Sarah Sparrow, A Guide for Murdered Children (Blue Rider 978-0-399-57452-8, $27.00, 385pp, hc) March 2018.
Murdered children take over the bodies of recently deceased adults in order to get revenge on their murderers in this truly strange novel. Ex-police detective Willow Millard Wylde is retired at 57, messed up with booze and pain pills and iffy health, in rehab when first encountered. Trying to do better for his grown daughter and her son, he manages to get a job working cold cases with a couple of rookies, and one case that obsesses them ends up providing a mystery to drive the plot. More importantly, though, Willow also meets Annie, who runs the vaguely 12-step-like meetings for the dead children in the bodies of their adult “landlords” – and she tells him he’s going to take her place as the next Porter to help the children find balance. Willow isn’t a good person, at least in the beginning, but he turns out to be surprisingly likeable, if only for his unquenchable hope, the assumption that things will work out somehow even when he has really screwed up; lots of flashbacks help delineate his descent to the point at which we first meet him, and his gradual growth afterwards. Willow’s story is interspersed with details of the children’s murders and revenge. It’s not entirely clear how that all works, but the tidbits revealed are fascinating. Oddly, the effect is enhanced by tangles in time – flashbacks and shifts between past and present tense – and occasional awkward grammar. Somehow, it all comes together in a tale that sucks you in.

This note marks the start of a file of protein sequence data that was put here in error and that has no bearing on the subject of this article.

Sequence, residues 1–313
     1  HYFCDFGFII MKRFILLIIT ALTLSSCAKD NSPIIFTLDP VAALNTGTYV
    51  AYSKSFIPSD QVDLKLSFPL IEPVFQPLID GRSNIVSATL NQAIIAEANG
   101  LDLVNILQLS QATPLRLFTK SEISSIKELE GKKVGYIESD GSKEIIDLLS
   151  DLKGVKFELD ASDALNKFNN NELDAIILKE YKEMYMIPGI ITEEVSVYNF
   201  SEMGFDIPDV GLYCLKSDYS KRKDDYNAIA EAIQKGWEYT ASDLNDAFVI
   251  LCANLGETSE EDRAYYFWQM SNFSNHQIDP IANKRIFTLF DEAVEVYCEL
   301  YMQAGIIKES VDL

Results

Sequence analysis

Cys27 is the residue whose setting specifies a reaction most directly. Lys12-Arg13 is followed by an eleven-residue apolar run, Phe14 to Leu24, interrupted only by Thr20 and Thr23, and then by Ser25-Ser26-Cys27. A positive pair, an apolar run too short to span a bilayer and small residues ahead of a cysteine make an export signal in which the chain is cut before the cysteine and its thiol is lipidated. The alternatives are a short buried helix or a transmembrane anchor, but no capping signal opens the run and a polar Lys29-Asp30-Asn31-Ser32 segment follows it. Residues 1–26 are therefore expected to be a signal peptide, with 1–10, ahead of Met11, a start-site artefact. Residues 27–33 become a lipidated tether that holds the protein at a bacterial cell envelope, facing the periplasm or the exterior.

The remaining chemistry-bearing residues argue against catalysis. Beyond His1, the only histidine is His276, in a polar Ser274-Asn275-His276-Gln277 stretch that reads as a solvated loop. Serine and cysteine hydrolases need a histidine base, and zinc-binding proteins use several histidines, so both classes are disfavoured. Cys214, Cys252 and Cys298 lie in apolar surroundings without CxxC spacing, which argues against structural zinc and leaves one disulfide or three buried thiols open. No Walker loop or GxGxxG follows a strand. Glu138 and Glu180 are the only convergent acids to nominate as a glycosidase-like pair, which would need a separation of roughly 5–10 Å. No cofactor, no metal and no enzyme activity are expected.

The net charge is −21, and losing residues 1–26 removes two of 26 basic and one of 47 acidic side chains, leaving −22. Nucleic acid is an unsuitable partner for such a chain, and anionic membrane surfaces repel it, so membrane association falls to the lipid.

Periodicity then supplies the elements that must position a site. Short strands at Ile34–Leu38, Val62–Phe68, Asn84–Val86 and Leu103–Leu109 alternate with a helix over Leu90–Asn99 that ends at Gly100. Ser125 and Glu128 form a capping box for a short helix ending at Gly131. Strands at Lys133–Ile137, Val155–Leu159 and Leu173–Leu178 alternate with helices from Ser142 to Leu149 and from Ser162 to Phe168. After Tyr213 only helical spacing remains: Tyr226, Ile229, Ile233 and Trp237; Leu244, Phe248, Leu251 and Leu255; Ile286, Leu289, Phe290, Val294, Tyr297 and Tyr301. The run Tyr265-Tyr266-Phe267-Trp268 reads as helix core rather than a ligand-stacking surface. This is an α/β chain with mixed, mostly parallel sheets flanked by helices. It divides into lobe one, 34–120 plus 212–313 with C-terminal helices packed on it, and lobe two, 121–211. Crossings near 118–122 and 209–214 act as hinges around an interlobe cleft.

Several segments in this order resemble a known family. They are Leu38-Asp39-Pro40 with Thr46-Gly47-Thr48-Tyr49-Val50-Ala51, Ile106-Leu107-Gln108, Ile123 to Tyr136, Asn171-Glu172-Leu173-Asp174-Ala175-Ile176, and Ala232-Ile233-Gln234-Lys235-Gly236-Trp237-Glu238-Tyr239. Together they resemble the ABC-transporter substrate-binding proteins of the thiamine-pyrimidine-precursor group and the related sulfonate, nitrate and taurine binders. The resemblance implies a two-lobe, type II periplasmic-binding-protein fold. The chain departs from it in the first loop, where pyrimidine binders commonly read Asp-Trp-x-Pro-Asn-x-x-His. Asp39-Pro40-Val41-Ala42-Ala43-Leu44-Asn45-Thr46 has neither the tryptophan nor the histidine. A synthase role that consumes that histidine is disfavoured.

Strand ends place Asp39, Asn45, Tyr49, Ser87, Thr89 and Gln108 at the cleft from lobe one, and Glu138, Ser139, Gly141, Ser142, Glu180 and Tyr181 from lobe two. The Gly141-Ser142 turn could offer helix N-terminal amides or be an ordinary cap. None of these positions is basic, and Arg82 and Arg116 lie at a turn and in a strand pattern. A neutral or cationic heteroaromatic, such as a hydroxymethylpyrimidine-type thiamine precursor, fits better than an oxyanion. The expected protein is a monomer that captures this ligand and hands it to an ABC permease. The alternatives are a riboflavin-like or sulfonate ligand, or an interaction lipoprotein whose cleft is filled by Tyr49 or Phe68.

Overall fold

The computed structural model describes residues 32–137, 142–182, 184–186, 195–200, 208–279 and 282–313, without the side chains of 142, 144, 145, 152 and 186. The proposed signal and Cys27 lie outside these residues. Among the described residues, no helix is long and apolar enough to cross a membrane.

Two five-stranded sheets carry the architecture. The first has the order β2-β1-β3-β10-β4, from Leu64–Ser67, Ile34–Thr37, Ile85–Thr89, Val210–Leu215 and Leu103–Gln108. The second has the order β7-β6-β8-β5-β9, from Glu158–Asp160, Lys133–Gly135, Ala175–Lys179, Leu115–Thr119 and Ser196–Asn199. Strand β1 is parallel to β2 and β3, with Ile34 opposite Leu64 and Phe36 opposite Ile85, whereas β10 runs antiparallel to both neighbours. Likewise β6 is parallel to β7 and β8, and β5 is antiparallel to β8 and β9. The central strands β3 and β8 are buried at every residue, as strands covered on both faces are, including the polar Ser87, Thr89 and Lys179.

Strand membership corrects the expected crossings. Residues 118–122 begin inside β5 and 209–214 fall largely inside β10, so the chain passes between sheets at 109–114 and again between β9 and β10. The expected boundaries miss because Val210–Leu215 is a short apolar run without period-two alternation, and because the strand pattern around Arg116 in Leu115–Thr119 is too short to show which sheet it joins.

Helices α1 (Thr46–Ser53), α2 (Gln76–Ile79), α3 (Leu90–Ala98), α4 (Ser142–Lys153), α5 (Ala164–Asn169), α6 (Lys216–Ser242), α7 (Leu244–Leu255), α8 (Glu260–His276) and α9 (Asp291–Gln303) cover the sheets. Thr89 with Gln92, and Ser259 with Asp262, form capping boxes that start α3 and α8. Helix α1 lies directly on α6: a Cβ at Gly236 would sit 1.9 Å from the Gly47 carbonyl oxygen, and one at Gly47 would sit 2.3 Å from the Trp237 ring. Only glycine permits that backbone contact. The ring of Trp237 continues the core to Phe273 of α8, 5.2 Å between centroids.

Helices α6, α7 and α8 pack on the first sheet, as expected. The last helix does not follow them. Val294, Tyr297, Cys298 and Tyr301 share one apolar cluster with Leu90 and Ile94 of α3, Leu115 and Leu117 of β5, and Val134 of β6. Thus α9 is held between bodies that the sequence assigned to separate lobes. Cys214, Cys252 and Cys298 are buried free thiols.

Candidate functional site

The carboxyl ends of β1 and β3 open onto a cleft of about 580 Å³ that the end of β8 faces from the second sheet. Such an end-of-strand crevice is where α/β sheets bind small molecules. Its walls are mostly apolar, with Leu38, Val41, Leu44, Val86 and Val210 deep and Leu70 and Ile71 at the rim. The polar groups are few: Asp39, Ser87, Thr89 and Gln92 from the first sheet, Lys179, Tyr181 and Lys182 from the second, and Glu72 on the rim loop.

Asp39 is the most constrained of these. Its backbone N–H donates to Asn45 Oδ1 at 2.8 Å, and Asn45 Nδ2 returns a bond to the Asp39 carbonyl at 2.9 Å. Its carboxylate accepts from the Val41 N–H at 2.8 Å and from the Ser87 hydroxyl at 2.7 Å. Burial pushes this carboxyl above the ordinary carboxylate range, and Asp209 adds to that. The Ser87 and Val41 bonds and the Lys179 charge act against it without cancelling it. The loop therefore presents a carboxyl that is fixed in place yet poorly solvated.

Carolyn F. Cushman, Senior Editor, has worked for Locus since 1985, the longest of any of the current staff, and handles our in-house books database, writes our New and Notable section, and does the monthly Books Received column. She is a graduate of Western Washington University with a degree in English. She published a fantasy novel, Witch and Wombat, in 1994.
This review and more like it in the September 2018 issue of Locus.
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